Chafee and Webb will surely drop out before long. They came in with poll numbers that scraped the bottom and didn’t do themselves any good. I’d like to see O’Malley keep going, but Hillary’s performance surely secured her place as the favorite with Bernie close behind to keep it interesting.


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Filed under Gun safety, Income and Wealth Inequality, Politics

Hillary demonstrates how to deal with a mansplainer

Using clips from Hillary’s testimony at the Benghazi hearings, Zerlina over at Feministing has put together a marvelous tutorial starring Hillary Clinton. For example, here are the first two steps in “How to deal with a mansplainer”:

Step 1: Raise your hands up like, “Whoa you guys you can’t be serious.”

Step 2: Make sure to emphasize your points by counting with your hands so that simple tea party Senator mansplainer understands.  Mansplainers like visuals.

See the rest at Feministing.

Mansplainer: A man whom by virtue of the authority and privilege vested in him by society feels entitled to preach or explain how the world works. Bonus, if he is speaking to women, whom he perceives to be naive and ignorant, about problems and concerns with which women have real life every day experience, and the man has NO fucking clue what he is talking about. This is usually done in a patronizing insensitive manner.

Urban Dictionary

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Ron Johnson accuses Hillary of faking tears

During the Benghazi hearings, Secretary Hillary Clinton expressed several emotions. In the morning, before the Senate committee, her voice cracked, and she seemed to fight back tears. With difficulty she managed her evident pain as she recalled the experience of receiving the flag-draped caskets of the Benghazi casualties at Andrews Air Force Base together with mourning family members.

The following day, Sen. Ron Johnson (R-WI), whose badgering prompted an indignant response from Secretary Clinton, attempted to smear her again. Among other accusations, Johnson charged Clinton with staging a feigned emotional reaction when she choked up:  Continue reading

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Hillary kicks ass on the Hill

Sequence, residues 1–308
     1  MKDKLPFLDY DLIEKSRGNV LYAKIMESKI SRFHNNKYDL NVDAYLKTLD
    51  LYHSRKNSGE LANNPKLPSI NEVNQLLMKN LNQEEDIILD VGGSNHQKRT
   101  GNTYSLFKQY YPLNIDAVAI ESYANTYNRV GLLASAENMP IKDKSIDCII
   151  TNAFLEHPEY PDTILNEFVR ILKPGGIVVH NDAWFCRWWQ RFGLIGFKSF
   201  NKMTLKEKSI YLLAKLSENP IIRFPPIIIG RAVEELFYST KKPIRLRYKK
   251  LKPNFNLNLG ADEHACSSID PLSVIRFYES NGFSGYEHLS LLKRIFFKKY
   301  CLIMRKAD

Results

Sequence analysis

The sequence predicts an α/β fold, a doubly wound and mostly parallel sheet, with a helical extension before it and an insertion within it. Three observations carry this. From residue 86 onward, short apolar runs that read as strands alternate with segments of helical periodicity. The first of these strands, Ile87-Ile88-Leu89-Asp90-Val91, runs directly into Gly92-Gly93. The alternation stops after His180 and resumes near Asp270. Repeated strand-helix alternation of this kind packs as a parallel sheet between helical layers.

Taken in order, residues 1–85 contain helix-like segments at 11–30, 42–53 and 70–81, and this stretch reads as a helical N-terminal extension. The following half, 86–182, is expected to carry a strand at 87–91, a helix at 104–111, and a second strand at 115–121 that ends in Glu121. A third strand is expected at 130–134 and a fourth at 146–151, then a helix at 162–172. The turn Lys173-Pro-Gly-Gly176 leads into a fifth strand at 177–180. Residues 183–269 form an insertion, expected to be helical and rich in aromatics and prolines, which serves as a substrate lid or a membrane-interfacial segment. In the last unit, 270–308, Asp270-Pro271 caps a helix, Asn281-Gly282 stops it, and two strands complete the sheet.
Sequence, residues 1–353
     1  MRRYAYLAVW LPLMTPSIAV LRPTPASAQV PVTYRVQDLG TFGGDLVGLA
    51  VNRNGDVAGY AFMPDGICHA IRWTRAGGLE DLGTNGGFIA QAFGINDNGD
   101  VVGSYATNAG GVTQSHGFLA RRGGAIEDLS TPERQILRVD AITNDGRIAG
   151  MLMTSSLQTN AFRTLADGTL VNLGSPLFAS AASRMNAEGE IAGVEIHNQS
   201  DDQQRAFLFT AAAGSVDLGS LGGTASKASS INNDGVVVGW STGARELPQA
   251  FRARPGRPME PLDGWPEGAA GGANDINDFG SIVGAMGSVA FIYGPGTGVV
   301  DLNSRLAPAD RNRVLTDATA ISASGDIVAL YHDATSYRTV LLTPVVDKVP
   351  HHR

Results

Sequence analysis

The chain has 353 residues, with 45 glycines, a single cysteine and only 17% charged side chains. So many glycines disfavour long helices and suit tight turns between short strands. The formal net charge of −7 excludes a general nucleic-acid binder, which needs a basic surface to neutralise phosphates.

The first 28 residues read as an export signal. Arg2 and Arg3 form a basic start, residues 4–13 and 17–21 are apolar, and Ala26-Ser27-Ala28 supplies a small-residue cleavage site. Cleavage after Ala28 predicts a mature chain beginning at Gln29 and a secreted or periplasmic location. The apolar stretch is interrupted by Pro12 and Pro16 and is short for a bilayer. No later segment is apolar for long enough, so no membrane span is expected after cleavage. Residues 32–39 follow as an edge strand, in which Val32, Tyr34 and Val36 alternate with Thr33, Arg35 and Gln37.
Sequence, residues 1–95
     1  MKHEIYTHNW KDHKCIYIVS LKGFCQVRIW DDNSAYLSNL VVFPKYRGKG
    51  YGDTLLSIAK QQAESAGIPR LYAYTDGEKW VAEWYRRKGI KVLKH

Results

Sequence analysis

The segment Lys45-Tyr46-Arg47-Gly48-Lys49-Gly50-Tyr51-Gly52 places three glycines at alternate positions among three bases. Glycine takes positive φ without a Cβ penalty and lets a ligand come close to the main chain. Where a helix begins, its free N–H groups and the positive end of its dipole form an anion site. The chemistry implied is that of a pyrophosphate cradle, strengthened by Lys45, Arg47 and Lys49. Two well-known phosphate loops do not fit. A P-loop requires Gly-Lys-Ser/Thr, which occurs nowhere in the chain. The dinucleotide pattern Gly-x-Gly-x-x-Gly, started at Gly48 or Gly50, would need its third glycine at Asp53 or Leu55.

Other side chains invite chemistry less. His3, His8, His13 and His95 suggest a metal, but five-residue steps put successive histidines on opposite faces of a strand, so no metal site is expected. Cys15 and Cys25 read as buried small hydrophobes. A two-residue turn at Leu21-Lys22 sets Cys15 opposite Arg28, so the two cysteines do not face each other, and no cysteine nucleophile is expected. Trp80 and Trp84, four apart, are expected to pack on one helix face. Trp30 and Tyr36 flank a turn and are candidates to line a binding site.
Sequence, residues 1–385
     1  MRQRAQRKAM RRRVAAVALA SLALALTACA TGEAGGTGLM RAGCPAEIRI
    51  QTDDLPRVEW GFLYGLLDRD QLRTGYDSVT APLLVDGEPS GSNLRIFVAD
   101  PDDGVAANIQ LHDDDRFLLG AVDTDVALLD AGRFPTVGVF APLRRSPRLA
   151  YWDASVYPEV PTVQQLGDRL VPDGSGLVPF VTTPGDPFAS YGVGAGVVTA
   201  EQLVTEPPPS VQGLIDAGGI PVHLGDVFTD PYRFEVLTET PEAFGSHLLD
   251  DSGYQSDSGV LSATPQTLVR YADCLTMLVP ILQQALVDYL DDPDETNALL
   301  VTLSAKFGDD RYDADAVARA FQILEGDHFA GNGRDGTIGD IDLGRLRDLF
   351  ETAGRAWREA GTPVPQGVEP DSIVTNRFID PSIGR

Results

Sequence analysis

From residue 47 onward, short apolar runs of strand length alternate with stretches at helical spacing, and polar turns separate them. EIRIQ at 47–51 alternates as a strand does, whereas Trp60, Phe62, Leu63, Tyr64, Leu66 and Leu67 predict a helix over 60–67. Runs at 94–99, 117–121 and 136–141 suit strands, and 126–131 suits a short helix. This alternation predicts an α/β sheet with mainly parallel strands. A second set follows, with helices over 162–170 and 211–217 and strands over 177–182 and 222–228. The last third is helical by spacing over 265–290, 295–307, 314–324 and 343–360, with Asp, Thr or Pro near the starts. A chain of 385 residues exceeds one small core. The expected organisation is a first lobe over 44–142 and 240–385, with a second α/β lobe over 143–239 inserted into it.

After hours of thoughtfully responding to legitimate questions about the Benghazi attack, including security at the consulate, the military’s defensive actions and State’s communication about the event to the American people, Secretary of State Hillary Clinton was confronted by a belligerent Sen. Ron Johnson (R-WI). As Clinton attempted to answer his questions and refute his accusations, Johnson repeatedly interrupted her, cutting her off in mid-sentence and imposing his onslaughts over her voice.

“When you’re in these positions, the last thing you want to do is interfere with any other process going on —” Clinton began.  Continue reading

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Rand Paul fires Hillary Clinton

During a full day of grilling and questioning, Hillary responded knowledgeably, patiently and forcefully to both friendly and hostile senators and members of Congress. Democrats thanked her for her service and slyly alluded to her expected run for the presidency in 2016.

Republicans, on the other hand, attempted to discredit her preemptively. They snidely referred to her recent health problems following her fall. Sen. Rand Paul (R-KY) did that and more: he also placed blame for the four American lives lost at Benghazi squarely on her shoulders and imputed her retirement from the prime post in the president’s cabinet as an admission of “culpability for the worst tragedy since 9/11.” To ensure that no one would mistake his accusation for a rhetorical flourish, he added, “And I really mean that.”  Continue reading